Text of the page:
Tools of the Trade
A manager recently pitched a project to a producer, when suddenly the producer (who was glued to his Sidekick throughout the meeting) interrupted and said: “Could you e-mail that to me? That way I can digest it better.”
Hollywood’s technology codependency is swiftly making traditional forms of communication as outdated as messengers--remember those biped knaves who used to pick up and deliver scripts before it became standard just to hit “send”? They’re headed the way of secretaries such as the dutiful Miss Doolan, who typed her boss’ notes in quintuplicate in F. Scott Fitzgerald’s “The Love of the Last Tycoon.”
Because of the sprint to digitize--many agencies have gone “paperless,” and BlackBerrys are upgraded as frequently as Lindsay Lohan’s sobriety status--Hollywood’s ferociously self-protected hierarchies are being upended.
E-mail, that great social equalizer, has given everyone a voice, as well as a means to connect to hitherto velvet-roped higher-ups instead of wooing said higher-ups’ assistants. And there’s always LinkedIn.com, where you can bond with your boss’ boss over the fact that you went to the same college (“I’m a Bobcat too!! LOL”) or are from the same half of the country. (Alas, such gestures don’t always meet with instant replies.)
Meanwhile, gone are gracefully passive-aggressive tactics such as the old “canyon” excuse: “What’s that? You’re breaking up . . .” This was used when wireless service was sketchy and inconvenient (or unpleasant) cellphone calls needed to be cut off quickly.
Today, thanks to Hollywood’s crack-like obsession with gadgets, certain protocol persists when navigating our brave, new, cursor-blinking world. Consider yourself cc’d:
Breaking rank is taboo, even over the Internet. “Anyone can e-mail anyone, but it’s very unorthodox,” says Shai Steinberger, the former William Morris assistant whose famous “goodbye” e-mail (in which he amusingly roasted his ex-colleagues) catapulted him into the limelight. “You have to be careful and not upset the code. Assistants e-mail assistants to give and get information, but they’re not supposed to e-mail agents.” Similarly, “a covering agent [i.e. an agent assigned to ‘cover’ a studio] can’t e-mail a studio head.”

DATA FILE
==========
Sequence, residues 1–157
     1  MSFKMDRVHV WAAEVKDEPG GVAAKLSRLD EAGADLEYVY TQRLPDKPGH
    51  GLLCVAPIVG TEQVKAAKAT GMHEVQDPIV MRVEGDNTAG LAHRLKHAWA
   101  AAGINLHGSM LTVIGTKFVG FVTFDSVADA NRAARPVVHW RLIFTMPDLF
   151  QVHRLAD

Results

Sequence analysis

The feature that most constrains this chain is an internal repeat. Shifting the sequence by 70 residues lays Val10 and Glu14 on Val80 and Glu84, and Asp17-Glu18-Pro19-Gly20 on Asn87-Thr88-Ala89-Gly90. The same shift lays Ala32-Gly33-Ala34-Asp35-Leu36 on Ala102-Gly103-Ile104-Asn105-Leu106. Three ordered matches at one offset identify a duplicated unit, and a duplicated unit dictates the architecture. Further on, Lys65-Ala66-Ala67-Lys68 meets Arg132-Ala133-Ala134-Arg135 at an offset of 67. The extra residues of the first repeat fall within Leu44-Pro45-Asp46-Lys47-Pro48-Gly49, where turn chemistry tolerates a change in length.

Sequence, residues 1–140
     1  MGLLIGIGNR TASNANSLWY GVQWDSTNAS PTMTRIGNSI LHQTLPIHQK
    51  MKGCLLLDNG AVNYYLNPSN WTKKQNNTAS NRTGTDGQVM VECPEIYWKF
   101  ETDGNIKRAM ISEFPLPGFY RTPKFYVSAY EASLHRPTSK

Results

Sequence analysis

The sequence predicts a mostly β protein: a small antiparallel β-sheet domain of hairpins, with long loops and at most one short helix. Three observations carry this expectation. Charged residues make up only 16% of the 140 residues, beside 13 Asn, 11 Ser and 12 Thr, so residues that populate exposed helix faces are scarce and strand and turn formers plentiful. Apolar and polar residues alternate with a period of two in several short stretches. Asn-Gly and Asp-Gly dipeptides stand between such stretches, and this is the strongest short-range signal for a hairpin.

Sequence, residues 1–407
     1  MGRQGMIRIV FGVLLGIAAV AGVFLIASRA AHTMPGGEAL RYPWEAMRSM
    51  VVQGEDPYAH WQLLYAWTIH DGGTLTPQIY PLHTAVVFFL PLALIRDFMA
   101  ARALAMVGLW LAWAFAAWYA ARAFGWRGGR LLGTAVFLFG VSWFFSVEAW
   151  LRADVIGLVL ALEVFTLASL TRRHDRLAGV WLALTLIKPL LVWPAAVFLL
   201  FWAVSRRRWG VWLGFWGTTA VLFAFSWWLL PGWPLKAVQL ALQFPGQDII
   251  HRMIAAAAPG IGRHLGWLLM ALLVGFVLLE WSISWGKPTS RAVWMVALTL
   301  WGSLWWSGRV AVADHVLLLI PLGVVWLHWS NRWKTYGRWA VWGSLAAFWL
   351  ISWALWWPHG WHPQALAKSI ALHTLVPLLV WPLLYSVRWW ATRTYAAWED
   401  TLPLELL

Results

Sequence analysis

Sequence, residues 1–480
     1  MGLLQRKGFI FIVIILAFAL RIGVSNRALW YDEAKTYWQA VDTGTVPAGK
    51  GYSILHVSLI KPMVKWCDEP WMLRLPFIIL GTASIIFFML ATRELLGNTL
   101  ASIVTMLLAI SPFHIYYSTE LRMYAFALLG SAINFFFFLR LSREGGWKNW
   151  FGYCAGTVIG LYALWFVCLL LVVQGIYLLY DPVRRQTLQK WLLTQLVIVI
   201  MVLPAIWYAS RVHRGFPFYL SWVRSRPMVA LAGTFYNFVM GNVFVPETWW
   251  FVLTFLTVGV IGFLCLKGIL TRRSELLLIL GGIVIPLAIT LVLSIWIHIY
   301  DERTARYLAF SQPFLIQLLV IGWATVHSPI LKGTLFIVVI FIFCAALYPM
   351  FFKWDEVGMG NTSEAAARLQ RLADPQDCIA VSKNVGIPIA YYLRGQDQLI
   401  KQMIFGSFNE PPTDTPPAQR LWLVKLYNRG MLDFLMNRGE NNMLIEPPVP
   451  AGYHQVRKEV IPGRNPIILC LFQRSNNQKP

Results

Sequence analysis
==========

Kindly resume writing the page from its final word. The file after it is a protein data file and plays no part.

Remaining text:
Though Steinberger himself broke the code (not only with his spoofy treatise but also by brazenly e-mailing studio executives to congratulate them on a movie), he has become living proof of the power of e-mail--if used wisely, that is. His sign-off note attracted the attention of two major TV writers--who contacted him via Facebook.com and with whom he’s now working on a TV pilot--as well as a publicist and book agent.
You are your phone. Prius, shmius--what’s in your pocket? If it’s a BlackBerry Curve, you’re someone who lives in the moment and “gets” it, as opposed to those still stuck with the BlackBerry 8700. Treo (any model)? You’re an amateur, I’m afraid, not to mention living in 2006. IPhone? An artiste with vision, as long as you weren’t suckered into buying it at $599. BlackBerry 8830 World carrier? See you in Cannes!
BlackBerrying during lunch is rude, but there are ways around it. According to Roy Lee, producer of “The Ring,” sometimes it’s OK to hit “reply” while dining. “If the other person has a conversation with someone walking by, I’ll check [my BlackBerry]. Or if they’re checking theirs, I’ll check. It gives you something to do.” (In fact, keeping your BlackBerry on isn’t just acceptable, it’s a life-affirming action. To turn off your BlackBerry is to be dead.)
If your cellphone is part of your anatomy, avoid swank sushi bars. Chat-a-holics, including certain high-profile directors, are known to have received a stern “sayonara” from chefs at places such as Sushi Nozawa and Hiko Sushi.
If you haven’t heard back yet, consider yourself dissed. Don Murphy, a producer on “Transformers” and perhaps the last remaining BlackBerry-shunner in Hollywood (“I don’t want to be owned”), says: “I know people who are obsessive on their BlackBerry, and when I e-mail them and don’t hear back right away, I know they’re avoiding me.” *
Avoid swank sushi bars if your cellphone is part of your anatomy. Certain chefs say “sayonara”) to chat-a-holics.
Chat with Nicole LaPorte and Shai Steinberger, the former William Morris Agency assistant known for his “goodbye” e-mail, at 1 p.m. Monday, Oct. 15. Go to chat.latimes.com.